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Transmitral inflow wave and progression from paroxysmal to permanent atrial fibrillation in Asian people
  1. Takashi Nakagawa1,2,
  2. Hisao Hara1,
  3. Masaya Yamamoto1,
  4. Yumi Matsushita3,
  5. Yukio Hiroi1
  1. 1Department of Cardiology, National Center for Global Health and Medicine, Tokyo, Japan
  2. 2Department of Cardiovascular Medicine, Tokyo Medical and Dental University, Tokyo, Japan
  3. 3Department of Clinical Research, National Center for Global Health and Medicine, Tokyo, Japan
  1. Correspondence to Dr Takashi Nakagawa, Cardiology, National Center for Global Health and Medicine, Tokyo 162-8655, Japan; tnakagawa{at}


Objective Paroxysmal atrial fibrillation could progress to permanent atrial fibrillation. Whether the transmitral inflow waves could be used to predict progression from paroxysmal atrial fibrillation to permanent atrial fibrillation is unknown. Therefore, we investigated the association between the transmitral inflow waves and progression of paroxysmal atrial fibrillation.

Method We performed a retrospective study by analysing clinical and echocardiographic data from 88 patients with paroxysmal atrial fibrillation. We excluded patients who had structural heart disease, significant valvular disease, cardiomyopathy, cardiac device implantation or a left ventricular ejection fraction <50%.

Result The patients with progression to permanent atrial fibrillation were more likely to be male and had lower peak A velocity than those without progression. After adjusting for covariates, lower peak A velocity remained the independent predictor of progression to permanent atrial fibrillation (p=0.025).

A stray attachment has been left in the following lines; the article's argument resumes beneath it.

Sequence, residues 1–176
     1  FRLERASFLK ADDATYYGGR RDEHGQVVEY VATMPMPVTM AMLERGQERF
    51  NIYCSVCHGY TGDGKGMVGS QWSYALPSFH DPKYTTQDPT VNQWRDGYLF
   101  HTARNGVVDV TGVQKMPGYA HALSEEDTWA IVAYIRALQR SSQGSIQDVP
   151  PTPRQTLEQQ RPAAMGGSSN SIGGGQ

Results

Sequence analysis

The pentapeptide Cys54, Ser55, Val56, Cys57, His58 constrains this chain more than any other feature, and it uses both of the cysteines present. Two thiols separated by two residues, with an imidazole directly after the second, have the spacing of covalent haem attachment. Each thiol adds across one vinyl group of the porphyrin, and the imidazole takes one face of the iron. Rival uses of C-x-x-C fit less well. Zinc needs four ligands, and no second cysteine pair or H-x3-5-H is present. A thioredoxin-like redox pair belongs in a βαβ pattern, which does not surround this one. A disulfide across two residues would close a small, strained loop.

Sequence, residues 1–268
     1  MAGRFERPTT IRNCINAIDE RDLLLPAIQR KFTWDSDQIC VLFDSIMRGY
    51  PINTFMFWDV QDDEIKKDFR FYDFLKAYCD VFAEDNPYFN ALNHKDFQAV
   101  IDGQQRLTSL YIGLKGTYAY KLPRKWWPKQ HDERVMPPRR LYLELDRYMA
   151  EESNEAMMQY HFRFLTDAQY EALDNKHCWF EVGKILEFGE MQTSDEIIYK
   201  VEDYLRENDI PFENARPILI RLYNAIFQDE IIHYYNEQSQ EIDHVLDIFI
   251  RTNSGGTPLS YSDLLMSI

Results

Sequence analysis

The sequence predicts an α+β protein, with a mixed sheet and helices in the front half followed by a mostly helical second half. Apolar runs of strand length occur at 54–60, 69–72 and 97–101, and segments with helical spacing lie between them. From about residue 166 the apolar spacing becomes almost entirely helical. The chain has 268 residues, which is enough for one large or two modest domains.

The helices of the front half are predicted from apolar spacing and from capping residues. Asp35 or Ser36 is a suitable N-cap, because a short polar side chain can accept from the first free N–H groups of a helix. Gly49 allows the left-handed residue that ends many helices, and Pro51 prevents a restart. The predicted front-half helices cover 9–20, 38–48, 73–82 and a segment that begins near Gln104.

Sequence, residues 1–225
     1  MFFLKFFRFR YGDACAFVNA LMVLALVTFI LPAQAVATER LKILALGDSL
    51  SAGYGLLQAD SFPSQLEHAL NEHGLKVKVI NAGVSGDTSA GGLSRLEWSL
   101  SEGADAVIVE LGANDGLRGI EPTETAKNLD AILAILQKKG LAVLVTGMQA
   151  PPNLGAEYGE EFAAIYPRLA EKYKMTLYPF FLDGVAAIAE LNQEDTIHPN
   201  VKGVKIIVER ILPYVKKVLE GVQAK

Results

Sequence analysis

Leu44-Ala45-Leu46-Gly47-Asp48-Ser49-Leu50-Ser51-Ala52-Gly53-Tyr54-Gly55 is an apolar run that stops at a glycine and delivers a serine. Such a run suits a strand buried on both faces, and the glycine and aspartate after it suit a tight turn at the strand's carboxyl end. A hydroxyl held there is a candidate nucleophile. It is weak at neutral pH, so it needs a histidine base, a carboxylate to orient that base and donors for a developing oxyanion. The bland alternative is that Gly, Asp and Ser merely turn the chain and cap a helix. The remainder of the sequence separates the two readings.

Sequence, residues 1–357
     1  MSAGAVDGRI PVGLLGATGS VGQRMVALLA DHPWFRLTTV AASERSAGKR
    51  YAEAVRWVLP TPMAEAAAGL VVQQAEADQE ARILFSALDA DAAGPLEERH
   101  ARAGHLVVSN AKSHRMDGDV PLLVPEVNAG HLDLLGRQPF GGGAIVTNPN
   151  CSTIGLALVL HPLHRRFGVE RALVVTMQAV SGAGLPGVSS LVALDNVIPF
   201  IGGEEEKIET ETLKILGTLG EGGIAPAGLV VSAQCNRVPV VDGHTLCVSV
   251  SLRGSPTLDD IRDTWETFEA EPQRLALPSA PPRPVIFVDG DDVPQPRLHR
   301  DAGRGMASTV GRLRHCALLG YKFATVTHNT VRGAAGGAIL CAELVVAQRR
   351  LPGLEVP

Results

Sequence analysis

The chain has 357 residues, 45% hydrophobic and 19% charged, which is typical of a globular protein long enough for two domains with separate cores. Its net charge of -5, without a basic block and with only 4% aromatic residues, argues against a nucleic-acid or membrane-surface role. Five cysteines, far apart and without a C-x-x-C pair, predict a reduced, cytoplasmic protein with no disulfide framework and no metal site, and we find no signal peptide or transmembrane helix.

Conclusion The A velocity could be useful for predicting progression to permanent atrial fibrillation in Asian people.

  • paroxysmal atrial fibrillation
  • progression
  • echocardiography
  • transmitral inflow wave
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  • Contributors TN designed the study and wrote the initial draft of the manuscript. HH and YM contributed to analysis and interpretation of data and assisted in the preparation of the manuscript. All other authors have contributed to interpretation of data, critically reviewed the manuscript, approved the final version of the manuscript and agreed to be accountable for all aspects of the work in ensuring that questions related to the accuracy or integrity of any part of the work are appropriately investigated and resolved.

  • Funding The authors have not declared a specific grant for this research from any funding agency in the public, commercial or not-for-profit sectors.

  • Competing interests None declared.

  • Patient consent for publication Not required.

  • Ethics approval The study protocol was approved by the institutional ethics committee.

  • Provenance and peer review Not commissioned; externally peer reviewed.

  • Data sharing statement No data are available.

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